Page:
I had to pay some extra fees. Bank charges are really irritating. I am OK with paying the principal balance. That’s the amount I signed up to pay back. I am even OK with paying a $46 recording fee. The County charges it, and the payoff needs to be recorded.
I was charged $30 for a ‘Re-Conveyance’ fee. What the heck is that? When they give you a loan, they know that they are at some point going to have to re-convey the property back to you. I paid it, but I did not like it.
There was also a $30 ‘Expedited Payoff Service Fee”. Another bank charge that says “It’s our last chance to screw you, so we will do it for $30.
I paid $10 to Fidelity to wire the money. I saved $20 for the wire transfer fee compared to my own bank, but since I had to ETF my HELOC money over to Fidelity, that took about three days I did not plan on, I paid an extra $28.37 per day for those three days. And, I took my HELOC out for a few extra days while that money was in transit to Fidelity so I had to pay interest on that money. Looking back, paying the $30 to my own bank for the wire transfer would have been cheaper.
The Actual Payoff Benefits
The mortgage loan was ~$188K at 5.5%. The principal and interest payment was $1,145.51 with $28.37 going to interest each day. Of course, that daily interest amount changes every month. Every year, $13,746.12 was going to pay down the mortgage. By paying that mortgage off, I have an additional $13,746 of cash flow in my pocket every year. In a few years it would seem like pocket change if we have inflation, and for some people it may seem like pocket change now, but for me it is a lot of money. I used ~$46K in HELOC money, which is being offered at a promotional rate of 1.99% for another five months or so, and then it goes up to prime, which is at 3.25% today. The HELOC will be paid off before the 1.99% rate expires.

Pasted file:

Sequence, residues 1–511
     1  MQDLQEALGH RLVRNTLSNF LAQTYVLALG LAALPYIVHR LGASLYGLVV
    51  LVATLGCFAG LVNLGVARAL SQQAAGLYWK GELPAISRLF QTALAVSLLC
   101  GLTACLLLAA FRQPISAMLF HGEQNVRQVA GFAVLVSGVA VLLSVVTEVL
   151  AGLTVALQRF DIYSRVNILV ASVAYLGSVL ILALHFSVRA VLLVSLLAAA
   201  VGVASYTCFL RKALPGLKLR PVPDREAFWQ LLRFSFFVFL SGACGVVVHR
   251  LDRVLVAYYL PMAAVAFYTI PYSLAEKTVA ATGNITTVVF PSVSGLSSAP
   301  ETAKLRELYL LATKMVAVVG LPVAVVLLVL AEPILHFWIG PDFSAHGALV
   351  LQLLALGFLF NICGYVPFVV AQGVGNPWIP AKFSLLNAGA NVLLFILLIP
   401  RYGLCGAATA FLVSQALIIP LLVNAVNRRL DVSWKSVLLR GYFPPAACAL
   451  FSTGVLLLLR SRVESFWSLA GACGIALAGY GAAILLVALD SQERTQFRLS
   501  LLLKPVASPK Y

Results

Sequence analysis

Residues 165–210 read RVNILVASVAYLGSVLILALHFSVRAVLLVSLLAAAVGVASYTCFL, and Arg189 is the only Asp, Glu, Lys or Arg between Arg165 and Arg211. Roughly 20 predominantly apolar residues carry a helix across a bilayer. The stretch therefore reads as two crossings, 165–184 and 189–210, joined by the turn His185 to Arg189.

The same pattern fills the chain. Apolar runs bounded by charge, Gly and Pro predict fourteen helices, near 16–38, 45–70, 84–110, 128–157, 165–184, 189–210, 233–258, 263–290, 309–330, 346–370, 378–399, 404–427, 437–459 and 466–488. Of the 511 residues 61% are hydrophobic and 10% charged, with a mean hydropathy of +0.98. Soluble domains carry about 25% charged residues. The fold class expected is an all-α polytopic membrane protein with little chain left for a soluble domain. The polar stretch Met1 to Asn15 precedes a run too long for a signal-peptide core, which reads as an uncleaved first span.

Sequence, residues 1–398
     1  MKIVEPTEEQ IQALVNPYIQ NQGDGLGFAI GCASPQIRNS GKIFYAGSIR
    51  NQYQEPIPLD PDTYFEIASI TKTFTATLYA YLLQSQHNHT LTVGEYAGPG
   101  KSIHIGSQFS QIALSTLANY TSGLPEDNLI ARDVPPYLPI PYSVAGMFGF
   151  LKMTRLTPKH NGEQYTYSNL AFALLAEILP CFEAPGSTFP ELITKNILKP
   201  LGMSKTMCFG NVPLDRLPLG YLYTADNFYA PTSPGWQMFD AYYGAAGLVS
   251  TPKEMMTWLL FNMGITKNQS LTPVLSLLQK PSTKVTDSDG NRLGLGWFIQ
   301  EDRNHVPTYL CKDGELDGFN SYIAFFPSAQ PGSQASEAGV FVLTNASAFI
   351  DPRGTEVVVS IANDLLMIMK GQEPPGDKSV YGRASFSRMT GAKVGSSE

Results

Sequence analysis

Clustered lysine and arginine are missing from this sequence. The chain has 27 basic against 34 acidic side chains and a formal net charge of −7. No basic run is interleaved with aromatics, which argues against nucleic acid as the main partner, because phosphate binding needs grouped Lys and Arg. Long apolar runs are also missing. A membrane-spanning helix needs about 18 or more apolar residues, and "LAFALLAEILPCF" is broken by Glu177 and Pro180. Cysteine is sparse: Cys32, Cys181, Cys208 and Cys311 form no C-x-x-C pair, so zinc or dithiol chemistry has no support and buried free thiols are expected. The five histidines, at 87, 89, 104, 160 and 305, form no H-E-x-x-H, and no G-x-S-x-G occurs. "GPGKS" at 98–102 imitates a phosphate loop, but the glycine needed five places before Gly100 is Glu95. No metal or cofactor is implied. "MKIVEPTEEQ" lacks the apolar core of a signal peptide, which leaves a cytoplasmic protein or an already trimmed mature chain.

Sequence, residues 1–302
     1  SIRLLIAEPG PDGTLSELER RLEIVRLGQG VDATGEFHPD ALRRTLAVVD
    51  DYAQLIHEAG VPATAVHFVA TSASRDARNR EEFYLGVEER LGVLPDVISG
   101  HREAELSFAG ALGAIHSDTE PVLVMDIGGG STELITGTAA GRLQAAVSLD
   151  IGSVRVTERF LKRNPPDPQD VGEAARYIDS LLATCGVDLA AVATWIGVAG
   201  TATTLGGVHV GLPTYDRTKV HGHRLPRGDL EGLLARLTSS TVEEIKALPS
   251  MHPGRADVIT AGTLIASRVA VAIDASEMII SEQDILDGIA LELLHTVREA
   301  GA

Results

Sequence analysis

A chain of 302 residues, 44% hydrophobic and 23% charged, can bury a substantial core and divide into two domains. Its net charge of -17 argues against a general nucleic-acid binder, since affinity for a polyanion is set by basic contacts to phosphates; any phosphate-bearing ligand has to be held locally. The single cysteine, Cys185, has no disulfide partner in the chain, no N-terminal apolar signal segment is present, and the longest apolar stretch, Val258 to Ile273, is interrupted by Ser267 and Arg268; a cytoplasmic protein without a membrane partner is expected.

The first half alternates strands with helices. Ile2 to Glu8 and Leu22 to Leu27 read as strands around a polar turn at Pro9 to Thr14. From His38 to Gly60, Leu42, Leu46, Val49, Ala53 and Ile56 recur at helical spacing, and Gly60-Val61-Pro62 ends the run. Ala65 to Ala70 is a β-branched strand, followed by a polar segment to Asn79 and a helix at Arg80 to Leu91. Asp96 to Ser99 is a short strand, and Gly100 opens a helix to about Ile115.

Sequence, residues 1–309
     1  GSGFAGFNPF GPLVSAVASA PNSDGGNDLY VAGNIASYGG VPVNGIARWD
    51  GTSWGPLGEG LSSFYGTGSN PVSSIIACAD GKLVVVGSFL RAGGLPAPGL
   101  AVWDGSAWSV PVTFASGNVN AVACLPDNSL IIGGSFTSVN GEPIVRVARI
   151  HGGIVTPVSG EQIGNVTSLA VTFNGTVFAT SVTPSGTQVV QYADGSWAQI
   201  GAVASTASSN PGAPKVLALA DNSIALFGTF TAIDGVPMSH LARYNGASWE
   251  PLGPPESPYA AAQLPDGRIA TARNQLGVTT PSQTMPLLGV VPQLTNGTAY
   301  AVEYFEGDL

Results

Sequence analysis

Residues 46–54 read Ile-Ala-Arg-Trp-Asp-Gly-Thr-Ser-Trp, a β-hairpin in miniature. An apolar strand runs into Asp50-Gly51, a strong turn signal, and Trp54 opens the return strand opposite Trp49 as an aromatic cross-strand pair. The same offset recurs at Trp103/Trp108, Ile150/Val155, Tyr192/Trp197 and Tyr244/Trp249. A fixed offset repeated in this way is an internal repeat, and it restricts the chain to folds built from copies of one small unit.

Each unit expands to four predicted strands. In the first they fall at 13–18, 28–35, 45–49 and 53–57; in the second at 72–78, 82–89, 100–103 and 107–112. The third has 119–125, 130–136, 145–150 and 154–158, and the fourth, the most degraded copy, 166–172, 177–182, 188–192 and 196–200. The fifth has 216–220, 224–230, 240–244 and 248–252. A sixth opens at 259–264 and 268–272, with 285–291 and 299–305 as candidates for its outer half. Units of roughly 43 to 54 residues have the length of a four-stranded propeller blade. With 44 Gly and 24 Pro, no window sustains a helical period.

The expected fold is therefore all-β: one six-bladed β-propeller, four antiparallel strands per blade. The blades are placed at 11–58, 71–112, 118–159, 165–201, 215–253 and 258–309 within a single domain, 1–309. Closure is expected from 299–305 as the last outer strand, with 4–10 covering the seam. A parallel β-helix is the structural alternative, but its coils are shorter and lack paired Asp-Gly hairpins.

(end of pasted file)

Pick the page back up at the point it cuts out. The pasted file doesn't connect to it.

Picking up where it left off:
So, paying off a mortgage is like investing money at the underlying interest rate. For me, it’s like buying a bond fund or annuity at 5.5%. A Real Estate secured bond with principal returned when ever I want (to sell). I turned down an opportunity to buy a TX apartment building, that was advertising a ‘guaranteed’ 8% return, so factoring in risk, and the initial 6-month window where no returns were going to be paid, this is probably a better investment. I think it’s safer, and I have 100% control when I get out.
It will take a while to rebuild the payoff amount from just the increased cash flow that I have, so my retirement objective is adjusted down. Ultimately, financial independence is about monthly cash flow, not money in the bank. Money in the bank provides cash flow; it cannot be put to use until it leaves the bank.
UPDATE: I am paying off another rental mortgage! Read the additional analysis.
Have you done the analysis of paying off your own mortgage? Are you paying down your mortgage?